But Damascus did not fall as it had been expected to fall. The Christians were constantly deceived and betrayed by those who promised help. There was strife and treachery in the Christian army itself. And at length, disappointed and embittered, Conrad resolved to turn homeward. He went with shame in his heart, for the Crusade had been an utter failure.

Conrad had been away two years, and he returned to find that in his absence his kingdom had been but badly ruled. Many of the lawless nobles, it is true, had taken the cross, and the land had been all the more peaceful for their absence. But many too had returned to stir up strife. Among these was Count Welf, and one of the first things King Conrad had to do was to march against him.

No sooner was Count Welf subdued than others rebelled. So at the end of his reign Conrad found himself fighting for his crown just as at the beginning. In the midst of all these troubles his son Henry died. This was [204] a terrible blow for the King, already growing old, and worn out by his sufferings in Palestine. His spirit sank under it.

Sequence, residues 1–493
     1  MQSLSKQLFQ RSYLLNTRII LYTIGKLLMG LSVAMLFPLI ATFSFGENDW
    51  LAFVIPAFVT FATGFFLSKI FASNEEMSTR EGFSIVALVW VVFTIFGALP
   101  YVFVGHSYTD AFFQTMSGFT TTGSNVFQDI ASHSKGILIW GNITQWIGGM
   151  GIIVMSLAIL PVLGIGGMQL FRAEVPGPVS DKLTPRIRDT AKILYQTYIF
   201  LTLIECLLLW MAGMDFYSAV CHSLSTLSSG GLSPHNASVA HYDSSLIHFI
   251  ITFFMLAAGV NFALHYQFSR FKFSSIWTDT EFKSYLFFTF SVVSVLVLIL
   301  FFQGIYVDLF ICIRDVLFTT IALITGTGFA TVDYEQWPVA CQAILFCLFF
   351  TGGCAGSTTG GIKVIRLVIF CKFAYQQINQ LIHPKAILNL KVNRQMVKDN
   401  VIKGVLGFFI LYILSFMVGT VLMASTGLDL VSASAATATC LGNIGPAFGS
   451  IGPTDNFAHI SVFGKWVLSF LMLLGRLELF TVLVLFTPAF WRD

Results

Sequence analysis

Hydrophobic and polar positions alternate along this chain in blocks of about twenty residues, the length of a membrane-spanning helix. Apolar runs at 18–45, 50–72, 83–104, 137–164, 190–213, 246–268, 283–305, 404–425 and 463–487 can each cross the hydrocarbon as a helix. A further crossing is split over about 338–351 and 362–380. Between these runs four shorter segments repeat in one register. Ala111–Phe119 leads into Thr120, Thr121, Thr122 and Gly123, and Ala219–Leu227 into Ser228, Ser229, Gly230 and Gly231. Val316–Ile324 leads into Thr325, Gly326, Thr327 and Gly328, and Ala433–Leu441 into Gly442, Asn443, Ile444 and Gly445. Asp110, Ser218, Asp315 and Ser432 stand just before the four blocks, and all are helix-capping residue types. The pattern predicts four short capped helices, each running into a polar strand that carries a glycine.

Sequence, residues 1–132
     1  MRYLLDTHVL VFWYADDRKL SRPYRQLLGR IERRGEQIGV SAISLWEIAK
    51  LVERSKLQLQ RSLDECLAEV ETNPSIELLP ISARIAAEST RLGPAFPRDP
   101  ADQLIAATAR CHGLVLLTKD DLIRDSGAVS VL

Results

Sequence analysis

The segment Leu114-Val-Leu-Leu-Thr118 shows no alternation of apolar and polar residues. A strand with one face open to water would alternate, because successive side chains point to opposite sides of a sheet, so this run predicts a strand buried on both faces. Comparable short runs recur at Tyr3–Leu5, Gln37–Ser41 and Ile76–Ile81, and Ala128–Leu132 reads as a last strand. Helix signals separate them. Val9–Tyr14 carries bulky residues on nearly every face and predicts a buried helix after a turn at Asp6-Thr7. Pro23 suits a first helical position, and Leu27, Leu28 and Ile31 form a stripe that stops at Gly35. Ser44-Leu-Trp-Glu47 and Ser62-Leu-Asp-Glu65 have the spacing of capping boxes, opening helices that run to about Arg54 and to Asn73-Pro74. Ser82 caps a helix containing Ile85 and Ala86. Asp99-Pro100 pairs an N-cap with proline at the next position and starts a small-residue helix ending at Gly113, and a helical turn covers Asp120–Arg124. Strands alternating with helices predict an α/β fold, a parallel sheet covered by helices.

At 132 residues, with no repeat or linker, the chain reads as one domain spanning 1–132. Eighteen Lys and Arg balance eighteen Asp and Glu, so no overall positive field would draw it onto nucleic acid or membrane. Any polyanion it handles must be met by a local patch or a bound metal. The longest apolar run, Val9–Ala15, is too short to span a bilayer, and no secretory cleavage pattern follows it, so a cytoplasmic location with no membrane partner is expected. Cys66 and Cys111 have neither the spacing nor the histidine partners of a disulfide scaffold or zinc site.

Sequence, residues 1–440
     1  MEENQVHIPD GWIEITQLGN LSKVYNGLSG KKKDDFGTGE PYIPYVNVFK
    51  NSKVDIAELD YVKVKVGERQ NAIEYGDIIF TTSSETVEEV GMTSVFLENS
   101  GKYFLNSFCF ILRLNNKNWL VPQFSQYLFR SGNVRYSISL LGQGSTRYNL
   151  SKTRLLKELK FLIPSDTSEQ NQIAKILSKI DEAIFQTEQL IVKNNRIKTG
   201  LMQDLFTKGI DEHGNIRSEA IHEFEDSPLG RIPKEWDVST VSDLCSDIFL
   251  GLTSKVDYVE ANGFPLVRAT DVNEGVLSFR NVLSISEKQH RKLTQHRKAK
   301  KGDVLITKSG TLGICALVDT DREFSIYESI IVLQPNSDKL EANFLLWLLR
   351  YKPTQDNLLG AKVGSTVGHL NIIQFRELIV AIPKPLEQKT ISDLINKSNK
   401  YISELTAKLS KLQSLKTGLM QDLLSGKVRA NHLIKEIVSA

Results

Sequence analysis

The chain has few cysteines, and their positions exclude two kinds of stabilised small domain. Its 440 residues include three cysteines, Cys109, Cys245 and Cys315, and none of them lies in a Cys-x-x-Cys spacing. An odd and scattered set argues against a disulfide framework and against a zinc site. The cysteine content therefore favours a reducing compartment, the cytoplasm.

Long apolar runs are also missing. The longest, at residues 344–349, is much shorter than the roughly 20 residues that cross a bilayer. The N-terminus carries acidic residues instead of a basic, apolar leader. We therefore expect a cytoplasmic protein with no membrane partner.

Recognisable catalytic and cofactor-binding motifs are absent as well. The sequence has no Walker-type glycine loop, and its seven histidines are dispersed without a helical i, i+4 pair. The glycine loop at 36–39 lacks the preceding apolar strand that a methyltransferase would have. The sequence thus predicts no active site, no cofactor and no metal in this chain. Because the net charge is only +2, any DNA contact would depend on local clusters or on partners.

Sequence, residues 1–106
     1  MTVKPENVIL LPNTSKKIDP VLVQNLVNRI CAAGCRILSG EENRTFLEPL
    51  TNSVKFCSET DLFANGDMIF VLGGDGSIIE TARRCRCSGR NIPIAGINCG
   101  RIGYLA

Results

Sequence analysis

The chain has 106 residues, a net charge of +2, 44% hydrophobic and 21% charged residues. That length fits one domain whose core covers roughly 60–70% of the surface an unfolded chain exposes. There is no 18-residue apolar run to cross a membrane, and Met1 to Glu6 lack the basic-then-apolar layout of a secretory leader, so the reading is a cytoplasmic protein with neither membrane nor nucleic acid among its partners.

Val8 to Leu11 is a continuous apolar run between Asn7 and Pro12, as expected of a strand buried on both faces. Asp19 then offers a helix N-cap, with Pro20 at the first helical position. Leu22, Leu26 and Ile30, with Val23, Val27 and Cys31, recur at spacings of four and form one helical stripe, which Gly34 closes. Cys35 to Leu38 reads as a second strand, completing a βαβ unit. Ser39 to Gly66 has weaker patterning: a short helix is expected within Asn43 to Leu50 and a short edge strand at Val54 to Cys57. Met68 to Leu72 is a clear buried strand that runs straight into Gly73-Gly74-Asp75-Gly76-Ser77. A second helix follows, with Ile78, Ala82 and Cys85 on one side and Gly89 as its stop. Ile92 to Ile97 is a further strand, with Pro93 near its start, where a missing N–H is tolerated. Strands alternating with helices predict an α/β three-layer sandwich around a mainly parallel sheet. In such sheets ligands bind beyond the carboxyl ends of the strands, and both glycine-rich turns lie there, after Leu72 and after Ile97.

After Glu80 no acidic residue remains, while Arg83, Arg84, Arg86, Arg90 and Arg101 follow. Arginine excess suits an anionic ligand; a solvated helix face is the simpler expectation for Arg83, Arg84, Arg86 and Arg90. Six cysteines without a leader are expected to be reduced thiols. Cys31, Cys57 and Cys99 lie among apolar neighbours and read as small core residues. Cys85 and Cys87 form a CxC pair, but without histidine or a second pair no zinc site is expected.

At length he became very ill. He knew that his end had come, and as he lay dying he thought with grief upon the state of the Empire. His only remaining son was but a child of eight. How was it possible for a child of eight to rule in these stormy times? Conrad knew it could not be. So, calling the nobles about him, he bade them choose for their King, not his son, but his nephew, Duke Frederick Redbeard. To him ere he died he gave the crown and the royal jewels. In his hand, too, he laid the hand of his little son and begged him to love and care for him. And so he died.

Conrad was a brave soldier, but a poor weak King. He reigned for nearly fourteen years, and he accomplished nothing, he succeeded in nothing. He left the kingdom in confusion, and the kingly power at its lowest ebb. He was little more than the Pope's vassal. Yet he never went to Italy to receive the Emperor's crown at the hands of the Pope.